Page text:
Yes – I’m not suggesting the +1 button be removed, I just think (at least to date) that it hasn’t gained much traction other than on Google+ itself (where it’s flogged to death!).

      The idea of a -1 button, with all the potential for unfairly penalising perfectly good pages, is what concerns me.

      Cheers,

      Martin.

  • A. Chuck Rowland 29 November, 2011, 4:54 am

    Thought provoking, Martin I have always been a Google fan, the basic concept of indexing the world’s knowledge is just amazing. They are making money by placing advertising that is relevant to a search and advertisers pay for the clicks on those adverts. Making $33 Billion, their last financial report says, indicates that at least for some those advertisements are indeed working for them. When Google introduced the +1 button I could see that the button would eventually reflect in the search engine results as do reviews. After all they are a short form review.

    I have noticed on Google search recently that you can exclude results from websites (do a search for anything – go to a website and hit the back button – the list of results will be the same but there is some added text on the website just visited that allows you to exclude that website as a result in the future), therefore they do indeed have a dislike button. The more people that do that will over time drop the offending websites from search results. So like it or not the system is already in place to be manipulated as certain people want. I think though that it will take thousands of likes or dislikes before any real impact is felt. Your personal results will of course exclude those websites.

    Google is watching your every move. As is Facebook. Scary or helpful that is the real question.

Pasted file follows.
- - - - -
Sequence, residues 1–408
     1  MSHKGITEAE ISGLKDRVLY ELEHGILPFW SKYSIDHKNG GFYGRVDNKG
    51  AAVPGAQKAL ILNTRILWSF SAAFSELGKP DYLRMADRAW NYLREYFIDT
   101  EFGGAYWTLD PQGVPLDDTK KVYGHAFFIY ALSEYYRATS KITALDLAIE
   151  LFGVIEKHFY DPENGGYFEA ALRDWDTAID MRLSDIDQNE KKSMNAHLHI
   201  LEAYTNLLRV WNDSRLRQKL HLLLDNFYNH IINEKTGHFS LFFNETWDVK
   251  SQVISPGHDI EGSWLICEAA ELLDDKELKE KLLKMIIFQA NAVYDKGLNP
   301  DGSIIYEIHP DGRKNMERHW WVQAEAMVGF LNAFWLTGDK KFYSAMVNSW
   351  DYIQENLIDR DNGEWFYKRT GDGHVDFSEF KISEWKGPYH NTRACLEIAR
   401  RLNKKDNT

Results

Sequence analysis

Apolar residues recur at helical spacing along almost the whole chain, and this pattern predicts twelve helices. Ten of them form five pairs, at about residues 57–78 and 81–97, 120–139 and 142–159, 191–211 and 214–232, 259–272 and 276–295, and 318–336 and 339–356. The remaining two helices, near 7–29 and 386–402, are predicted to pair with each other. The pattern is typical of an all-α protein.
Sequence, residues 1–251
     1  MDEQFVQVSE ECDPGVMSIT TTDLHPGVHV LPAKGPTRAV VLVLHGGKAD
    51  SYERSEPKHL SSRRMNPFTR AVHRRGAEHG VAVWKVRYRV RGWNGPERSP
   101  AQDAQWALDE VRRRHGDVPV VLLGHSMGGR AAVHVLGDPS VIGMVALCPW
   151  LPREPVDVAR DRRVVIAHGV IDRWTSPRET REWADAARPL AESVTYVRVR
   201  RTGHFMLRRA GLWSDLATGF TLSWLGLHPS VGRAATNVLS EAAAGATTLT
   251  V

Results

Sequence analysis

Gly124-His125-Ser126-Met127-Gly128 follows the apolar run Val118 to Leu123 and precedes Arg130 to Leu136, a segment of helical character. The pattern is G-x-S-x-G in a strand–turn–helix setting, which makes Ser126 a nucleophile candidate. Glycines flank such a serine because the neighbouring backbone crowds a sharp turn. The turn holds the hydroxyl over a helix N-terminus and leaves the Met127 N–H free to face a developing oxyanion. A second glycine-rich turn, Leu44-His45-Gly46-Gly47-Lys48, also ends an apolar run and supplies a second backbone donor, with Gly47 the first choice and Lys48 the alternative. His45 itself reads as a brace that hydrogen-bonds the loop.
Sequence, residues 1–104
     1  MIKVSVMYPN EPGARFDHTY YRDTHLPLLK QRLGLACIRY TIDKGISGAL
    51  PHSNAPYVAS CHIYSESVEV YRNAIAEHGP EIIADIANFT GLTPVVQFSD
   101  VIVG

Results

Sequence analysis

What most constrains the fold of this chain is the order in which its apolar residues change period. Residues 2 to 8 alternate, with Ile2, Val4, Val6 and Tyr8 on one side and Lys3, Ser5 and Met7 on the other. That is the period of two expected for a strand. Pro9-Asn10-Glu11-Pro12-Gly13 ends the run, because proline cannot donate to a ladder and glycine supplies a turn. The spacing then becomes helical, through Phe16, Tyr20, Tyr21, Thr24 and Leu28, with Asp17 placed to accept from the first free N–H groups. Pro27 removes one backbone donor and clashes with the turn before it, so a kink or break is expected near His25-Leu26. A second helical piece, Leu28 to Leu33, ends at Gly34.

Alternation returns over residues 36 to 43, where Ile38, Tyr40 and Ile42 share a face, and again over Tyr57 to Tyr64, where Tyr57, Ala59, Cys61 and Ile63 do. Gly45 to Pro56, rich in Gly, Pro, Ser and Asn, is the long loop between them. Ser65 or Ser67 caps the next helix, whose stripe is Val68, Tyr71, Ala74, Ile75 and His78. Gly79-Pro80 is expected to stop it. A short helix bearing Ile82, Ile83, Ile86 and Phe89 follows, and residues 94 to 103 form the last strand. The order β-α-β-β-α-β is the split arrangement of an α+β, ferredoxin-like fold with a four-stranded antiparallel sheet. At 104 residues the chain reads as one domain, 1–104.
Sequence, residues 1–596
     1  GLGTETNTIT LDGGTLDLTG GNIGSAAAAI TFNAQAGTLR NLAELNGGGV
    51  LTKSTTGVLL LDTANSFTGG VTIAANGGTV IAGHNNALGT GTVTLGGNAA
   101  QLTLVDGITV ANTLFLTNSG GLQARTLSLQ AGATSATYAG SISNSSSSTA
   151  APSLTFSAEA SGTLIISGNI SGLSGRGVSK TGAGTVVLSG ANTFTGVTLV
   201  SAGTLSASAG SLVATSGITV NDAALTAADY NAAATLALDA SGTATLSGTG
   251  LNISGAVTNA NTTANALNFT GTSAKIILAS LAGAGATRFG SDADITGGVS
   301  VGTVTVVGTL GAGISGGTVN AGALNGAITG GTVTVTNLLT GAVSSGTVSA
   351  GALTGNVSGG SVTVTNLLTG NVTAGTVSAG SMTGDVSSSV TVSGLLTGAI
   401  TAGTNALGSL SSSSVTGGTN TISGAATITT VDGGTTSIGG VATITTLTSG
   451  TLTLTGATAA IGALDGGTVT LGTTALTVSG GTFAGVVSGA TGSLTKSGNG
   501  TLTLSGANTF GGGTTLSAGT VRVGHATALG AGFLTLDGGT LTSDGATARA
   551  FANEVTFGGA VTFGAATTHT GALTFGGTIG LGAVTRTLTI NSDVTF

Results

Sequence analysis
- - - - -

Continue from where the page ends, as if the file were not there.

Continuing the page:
• Martin 29 November, 2011, 8:28 am

      Hi Chuck,

      I think that option to exclude a site from future results may have more to do with Google trying to improve their indexing to ensure that they produce more relevant results. Also, it’s currently only applicable if you’re logged in to Google, isn’t it..?

      I have lots of articles about the Thesis theme on this site but I occasionally get people arriving here who are clearly looking for help with writing a thesis (a position paper), rather than for help on Thesis (the theme).

      If they clicked ‘back’ and asked for this site to be excluded from future results that would help Google make the distinction more clearly.

      Sometimes I’m amazed at how ‘perceptive’ Google can be, when I look at the search term that was used and the article that they landed on. It’s clearly what the searcher was looking for, but with a search term that was based on some phrase in the middle of the article, rather than the terms I’d used in the Titles or H tags!

      And equally, when Google gets it wrong by sending someone here who was obviously looking for something different I get quite put out..!

      But I also agree that it will take a lot of +1’s or -1’s to start having a material impact on the results. We will see 🙂

      Cheers,

      Martin.

      • A. Chuck Rowland 29 November, 2011, 9:04 am

        Martin, you are right with the having to be logged into your Google account and the perception of Google’s algorithm.

        I read that Google are trying to define the individual’s “Intent” of a search so that the relevant websites can be displayed. All part of beating you to the answer to your enquiry. When selecting keywords I use this as one part of my research to help decide on the words to use for clients.

        • Martin 29 November, 2011, 10:54 am

          Was that the ‘Freshness’ update they released a couple of weeks ago? There was a major panic when that was released with lots of ‘if you don’t update your blog every day you’re done for’ type comments.